More companies are realizing that information systems are a powerful driver of innovation for their companies, thanks to IT’s ability to develop technology-oriented solutions to new business problems. Keeping this discipline relevant in a time of great advances in intelligent machines remains a priority for companies large and small.

Curriculum report

The Information Systems Domain Task Force, led by Prof. Kalle Lyytinen (Case Western Reserve University) collaborated with the Association of Information Systems’ Curriculum Development Task Force to assess the state of digital topics in the IS curriculum. As Information Systems has traditionally been a home for many of the emerging digital themes, this task force could leverage a deeper set of data than many others, beginning with the global repository of Information Systems courses (www.eduglopedia.org). The Association for Information Systems offers a reference curriculum that has been regularly revised since 1997, and most recently published in 2020 in combination with the Association of Computing Machinery. It should be noted that the most recent curriculum report covers many computing disciplines, including Information Systems, Computer Science, Cybersecurity, Data Science, and others, highlighting the high degree of connectivity between these areas. What sets Information Systems apart from other computing disciplines is the degree to which it is embedded in and organizational context (typically business), and the extent to which it emphasizes the application of technology to organization-specific problems.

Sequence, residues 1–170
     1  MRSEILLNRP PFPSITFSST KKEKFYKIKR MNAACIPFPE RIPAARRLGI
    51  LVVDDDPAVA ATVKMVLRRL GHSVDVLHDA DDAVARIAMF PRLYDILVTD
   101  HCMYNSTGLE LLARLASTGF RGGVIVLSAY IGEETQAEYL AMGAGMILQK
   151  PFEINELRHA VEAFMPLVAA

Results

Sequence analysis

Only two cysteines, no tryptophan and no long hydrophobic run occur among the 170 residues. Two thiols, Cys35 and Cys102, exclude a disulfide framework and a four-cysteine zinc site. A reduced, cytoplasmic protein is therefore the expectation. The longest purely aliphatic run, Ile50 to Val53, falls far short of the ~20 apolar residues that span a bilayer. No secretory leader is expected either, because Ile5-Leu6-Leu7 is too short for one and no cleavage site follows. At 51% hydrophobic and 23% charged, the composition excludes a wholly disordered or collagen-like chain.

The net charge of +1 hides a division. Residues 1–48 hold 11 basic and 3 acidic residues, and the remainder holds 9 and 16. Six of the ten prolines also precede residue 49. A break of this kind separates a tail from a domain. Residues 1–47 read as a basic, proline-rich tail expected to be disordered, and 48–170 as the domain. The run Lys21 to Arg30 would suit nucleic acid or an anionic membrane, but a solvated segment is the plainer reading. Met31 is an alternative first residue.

Information System graduates are often positioned at the interface between more functional business disciplines (for instance, Marketing or Finance), and more technical computing disciplines (for instance, Software Engineering or Computer Science). As translators between disciplines they must be able to understand the capabilities of new technology, assess its impact on an organization, its relationship to the established tools, processes and structures, and develop plans for the deployment of such technology in an organization. They must also understand the utility of various technologies in the context of business applications, and be conversant in how strategic and operational changes of an organization may alter its need for technology solutions. As such, Information System students focus on Digital Transformation, i.e., the process through which organizations change using computing capabilities.

The Information Systems Task Force found that many of the undergraduate programs they reviewed followed the curriculum model of the 2010 Association for Information Systems Model Curriculum, which includes core courses on the Foundations of Information Systems, Enterprise Architecture, IT Strategy, Data and Information Management, Systems Analysis and Design, IT Infrastructure, and IT Project Management, combined with a variety of elective courses. New topics that were not included in the model curriculum are courses around Cybersecurity and Big Data Analytics. At the graduate level, Analytics courses are becoming a core component of the Information Systems curriculum, while at the undergraduate level they were mostly identified as elective courses. Courses covering Artificial Intelligence or Machine Learning were absent at the undergraduate level. The task force found that these topics are introduced at an overview level as part of more general courses (e.g., Management Information Systems).